It was only recently that Australia outshone itself… Again, by having the most downloads internationally for television series, Breaking Bad. This brings about an interesting trend for the mainstream method of obtaining media as well as an evident popularity for television series. Without conducting further research, it seems apparent that television series have a viral, cult-like, mass following. I would even go as far to suggest that television series in present-day are dominating films.
But why are series killing it all of a sudden? It is notable that public’s attitudes and behaviors on their media consumption have altered since the proliferation of the Wonderful World Wide Web. A mere hour after the finally of Breaking Bad was released on America television, thousands of copies were available online – two clicks away from viewing. It is the Internet’s glorious, yet sometimes exploitative accessibility that makes going to your local Video Easy now seem like an expedition. In fact, I got nostalgia for the fluorescent lights and the sweet smell of plastic packaging last time I visited one.
However, the accessibility and shift in media consumption has little to do with the increase in viewership for television series. Without undermining series’ predecessors, the high quality of series that have been released in the last few years is unmistakable. Additionally, the narrative development throughout the series is widely talked about. Recently I heard a couple discussing Ian McShane’s lauded role as Al Swearengen in Deadwood and how the brothel owner, originally portrayed as the main antagonist, is actually a great guy. That’s nice.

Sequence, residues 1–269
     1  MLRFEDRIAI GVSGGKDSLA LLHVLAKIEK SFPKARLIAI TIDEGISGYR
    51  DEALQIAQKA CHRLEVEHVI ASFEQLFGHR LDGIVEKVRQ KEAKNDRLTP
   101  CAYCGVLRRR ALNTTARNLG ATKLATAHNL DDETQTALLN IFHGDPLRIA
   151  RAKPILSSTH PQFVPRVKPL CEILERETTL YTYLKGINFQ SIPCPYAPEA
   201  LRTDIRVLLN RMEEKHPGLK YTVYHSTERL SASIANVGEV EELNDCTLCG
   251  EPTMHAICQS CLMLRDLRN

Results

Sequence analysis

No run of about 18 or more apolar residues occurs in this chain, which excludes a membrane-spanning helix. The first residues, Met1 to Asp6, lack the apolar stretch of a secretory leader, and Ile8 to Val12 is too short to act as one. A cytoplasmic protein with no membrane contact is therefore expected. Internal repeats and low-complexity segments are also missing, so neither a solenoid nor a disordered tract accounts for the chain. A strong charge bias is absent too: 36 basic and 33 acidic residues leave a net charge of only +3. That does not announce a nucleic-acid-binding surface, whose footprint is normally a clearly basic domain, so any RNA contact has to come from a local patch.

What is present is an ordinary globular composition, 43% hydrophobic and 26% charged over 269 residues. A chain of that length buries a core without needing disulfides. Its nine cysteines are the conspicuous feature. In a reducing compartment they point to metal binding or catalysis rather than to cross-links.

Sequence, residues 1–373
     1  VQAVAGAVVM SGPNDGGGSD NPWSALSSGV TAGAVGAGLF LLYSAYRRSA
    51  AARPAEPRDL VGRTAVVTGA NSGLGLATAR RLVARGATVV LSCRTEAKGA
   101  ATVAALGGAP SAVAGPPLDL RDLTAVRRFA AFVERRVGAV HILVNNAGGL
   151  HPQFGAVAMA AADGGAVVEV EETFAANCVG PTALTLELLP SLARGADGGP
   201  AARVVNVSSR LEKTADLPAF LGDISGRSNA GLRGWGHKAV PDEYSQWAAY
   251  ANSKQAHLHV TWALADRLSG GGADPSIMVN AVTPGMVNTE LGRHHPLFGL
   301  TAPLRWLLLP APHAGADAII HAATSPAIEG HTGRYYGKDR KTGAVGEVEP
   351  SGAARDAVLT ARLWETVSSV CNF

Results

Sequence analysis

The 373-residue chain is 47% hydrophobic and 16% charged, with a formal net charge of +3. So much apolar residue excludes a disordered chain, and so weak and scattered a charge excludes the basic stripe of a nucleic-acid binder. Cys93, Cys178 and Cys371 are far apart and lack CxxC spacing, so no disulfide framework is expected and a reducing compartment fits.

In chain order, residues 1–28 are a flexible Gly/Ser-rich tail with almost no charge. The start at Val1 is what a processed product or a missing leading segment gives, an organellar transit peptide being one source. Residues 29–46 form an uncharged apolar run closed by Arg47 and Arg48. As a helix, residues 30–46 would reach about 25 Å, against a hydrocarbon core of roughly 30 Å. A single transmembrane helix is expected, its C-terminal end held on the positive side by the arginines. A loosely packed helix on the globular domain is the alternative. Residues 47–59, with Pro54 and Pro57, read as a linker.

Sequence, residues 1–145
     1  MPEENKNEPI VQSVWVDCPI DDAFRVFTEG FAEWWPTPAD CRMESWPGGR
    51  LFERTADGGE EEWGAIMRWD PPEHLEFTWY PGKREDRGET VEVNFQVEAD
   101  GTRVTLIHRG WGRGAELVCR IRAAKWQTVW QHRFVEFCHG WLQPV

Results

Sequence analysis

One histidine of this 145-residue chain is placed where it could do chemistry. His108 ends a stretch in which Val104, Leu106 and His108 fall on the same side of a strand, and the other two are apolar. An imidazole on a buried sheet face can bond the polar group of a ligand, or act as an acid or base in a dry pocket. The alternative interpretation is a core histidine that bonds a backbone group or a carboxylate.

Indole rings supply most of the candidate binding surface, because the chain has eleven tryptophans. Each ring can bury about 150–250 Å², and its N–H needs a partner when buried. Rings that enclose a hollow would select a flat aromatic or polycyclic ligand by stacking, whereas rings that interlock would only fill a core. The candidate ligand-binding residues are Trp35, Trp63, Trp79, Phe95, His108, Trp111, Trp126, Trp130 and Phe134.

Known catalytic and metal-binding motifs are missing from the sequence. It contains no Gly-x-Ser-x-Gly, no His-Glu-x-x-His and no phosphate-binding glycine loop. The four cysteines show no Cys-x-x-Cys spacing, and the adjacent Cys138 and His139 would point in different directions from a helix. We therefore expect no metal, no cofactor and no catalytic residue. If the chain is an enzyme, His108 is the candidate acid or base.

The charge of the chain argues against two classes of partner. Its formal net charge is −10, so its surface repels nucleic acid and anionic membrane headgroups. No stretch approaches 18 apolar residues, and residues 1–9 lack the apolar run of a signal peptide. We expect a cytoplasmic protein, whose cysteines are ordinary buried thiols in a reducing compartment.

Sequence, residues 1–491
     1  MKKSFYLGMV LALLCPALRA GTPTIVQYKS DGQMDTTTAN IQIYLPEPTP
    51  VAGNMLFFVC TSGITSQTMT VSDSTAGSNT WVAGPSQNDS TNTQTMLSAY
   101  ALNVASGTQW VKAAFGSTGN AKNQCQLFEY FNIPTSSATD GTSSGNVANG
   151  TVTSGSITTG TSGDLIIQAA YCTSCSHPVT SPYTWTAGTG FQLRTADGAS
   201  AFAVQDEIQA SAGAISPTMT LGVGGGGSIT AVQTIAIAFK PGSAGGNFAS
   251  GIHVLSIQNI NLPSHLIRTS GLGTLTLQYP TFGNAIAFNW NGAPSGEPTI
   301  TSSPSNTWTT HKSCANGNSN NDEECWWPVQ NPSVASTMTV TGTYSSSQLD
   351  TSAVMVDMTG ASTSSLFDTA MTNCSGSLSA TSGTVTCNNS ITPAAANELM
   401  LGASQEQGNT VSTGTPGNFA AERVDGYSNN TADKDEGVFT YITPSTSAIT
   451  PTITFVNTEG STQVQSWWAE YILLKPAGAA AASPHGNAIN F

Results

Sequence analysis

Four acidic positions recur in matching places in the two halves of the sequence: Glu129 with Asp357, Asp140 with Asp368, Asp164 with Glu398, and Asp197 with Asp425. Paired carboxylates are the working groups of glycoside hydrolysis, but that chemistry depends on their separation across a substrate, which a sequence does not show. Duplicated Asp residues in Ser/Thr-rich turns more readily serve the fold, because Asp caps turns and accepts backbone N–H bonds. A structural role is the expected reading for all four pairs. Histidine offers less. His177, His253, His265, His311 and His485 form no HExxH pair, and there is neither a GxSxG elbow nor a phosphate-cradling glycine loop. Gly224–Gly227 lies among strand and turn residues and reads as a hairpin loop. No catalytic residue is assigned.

Deadwood Best Of Al Swearengen – Al The Badass
If the character development alongside the evolving narrative doesn’t get your mouse moving, the cast might. With television series’ becoming more of a writer’s medium than ever, actors are executing some of their best work, weekly, in thirty to sixty minute slots. So let’s all chat about it, on Facebook, Twitter, create some memes and Breaking Bad can do to smack dealing what Johnny Cash did for Capital Punishment (Brendan McGinley)